Transfer of undertakings (TUPE)
This factsheet was last updated in July 2012.
What is a transfer of an undertaking?
The Transfer of Undertakings (Protection of Employment) Regulations 2006 apply to what are known as ‘relevant transfers’ which may occur in a wide range of situations. The two broad categories are business transfers and service provisions changes.
The key question is whether there is a transfer of an economic entity that retains its identity. To decide if there is a stable economic entity that is capable of being transferred, the factors to consider include:
- Is the type of business being conducted by the transferee (incoming business) the same as the transferor's (outgoing business)?
- Has there been a transfer of tangible assets such as building and moveable property (although this is not essential)?
- What is the value of the intangible assets at the time of the transfer?
- Have the majority of employees been taken over by the new employer?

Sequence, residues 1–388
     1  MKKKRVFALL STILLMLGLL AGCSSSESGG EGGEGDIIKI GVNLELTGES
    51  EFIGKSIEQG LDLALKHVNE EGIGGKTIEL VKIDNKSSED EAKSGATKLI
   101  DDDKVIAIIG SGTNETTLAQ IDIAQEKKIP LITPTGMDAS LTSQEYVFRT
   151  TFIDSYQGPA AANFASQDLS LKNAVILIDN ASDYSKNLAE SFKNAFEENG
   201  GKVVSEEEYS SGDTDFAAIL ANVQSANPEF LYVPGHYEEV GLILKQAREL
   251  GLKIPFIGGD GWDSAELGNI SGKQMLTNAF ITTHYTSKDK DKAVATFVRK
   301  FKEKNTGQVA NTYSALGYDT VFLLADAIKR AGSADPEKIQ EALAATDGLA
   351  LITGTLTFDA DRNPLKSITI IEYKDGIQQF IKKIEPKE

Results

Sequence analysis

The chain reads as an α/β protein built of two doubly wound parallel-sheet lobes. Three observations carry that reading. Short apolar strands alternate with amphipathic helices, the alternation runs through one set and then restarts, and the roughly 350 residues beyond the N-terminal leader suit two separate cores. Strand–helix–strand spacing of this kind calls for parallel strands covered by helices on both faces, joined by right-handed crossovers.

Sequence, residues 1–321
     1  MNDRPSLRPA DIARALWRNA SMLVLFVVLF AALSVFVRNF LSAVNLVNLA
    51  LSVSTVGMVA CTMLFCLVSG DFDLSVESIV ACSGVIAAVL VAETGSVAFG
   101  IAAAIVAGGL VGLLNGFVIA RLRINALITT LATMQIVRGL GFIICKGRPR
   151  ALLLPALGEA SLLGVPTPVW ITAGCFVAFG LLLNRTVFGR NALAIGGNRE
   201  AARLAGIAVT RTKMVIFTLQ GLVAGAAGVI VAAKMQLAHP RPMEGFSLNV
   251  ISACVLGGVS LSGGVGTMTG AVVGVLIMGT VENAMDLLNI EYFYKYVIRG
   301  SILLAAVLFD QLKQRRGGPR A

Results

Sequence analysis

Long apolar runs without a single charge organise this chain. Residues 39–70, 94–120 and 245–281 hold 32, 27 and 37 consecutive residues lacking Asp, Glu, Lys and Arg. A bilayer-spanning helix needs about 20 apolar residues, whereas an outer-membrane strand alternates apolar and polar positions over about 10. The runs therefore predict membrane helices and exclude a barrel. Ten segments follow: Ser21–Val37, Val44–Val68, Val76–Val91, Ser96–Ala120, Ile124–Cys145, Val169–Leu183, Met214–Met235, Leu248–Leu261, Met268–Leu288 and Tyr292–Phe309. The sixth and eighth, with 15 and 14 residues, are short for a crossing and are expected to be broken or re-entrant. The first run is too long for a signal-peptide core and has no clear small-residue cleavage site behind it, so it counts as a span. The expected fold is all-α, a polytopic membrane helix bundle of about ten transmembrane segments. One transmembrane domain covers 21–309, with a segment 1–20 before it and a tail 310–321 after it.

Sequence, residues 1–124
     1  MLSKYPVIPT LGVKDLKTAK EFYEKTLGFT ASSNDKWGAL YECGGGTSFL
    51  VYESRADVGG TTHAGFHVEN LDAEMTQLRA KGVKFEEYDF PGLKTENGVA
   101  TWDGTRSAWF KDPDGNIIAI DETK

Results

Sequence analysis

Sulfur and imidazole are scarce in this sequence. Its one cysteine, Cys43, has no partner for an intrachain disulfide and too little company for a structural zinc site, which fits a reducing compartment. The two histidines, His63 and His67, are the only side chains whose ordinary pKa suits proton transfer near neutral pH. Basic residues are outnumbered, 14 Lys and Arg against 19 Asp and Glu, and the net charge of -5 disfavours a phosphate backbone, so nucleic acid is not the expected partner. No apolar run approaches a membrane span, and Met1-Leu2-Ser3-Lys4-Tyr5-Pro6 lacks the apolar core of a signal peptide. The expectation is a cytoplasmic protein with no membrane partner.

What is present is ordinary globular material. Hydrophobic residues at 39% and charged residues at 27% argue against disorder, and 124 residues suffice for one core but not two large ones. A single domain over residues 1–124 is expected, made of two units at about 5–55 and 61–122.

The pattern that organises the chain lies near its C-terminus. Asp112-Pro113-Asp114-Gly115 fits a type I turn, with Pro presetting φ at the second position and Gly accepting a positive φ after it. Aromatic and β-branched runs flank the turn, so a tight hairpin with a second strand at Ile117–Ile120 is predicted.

- Have the customers been transferred?
- Is there a high degree of similarity between the activities carried on before and after the transfer?
If the answer to all (or in some cases several of) the above questions is 'yes', it is safe to assume that there has been a transfer of a stable economic entity.
Service provision changes
A ‘service provision change’ occurs when a client who engages a contractor to do work on its behalf is either:
- reassigning such a contract (whether by contracting out, outsourcing or re-tendering), or
- bringing the work ‘in-house’ (where a contract ends with the service being performed in-house by the client themselves).
It will not be a service provision change if:
- the contract is wholly or mainly for the supply of goods for the client’s use, or
- the activities are carried out in connection with a single specific event or a task of short-term duration.
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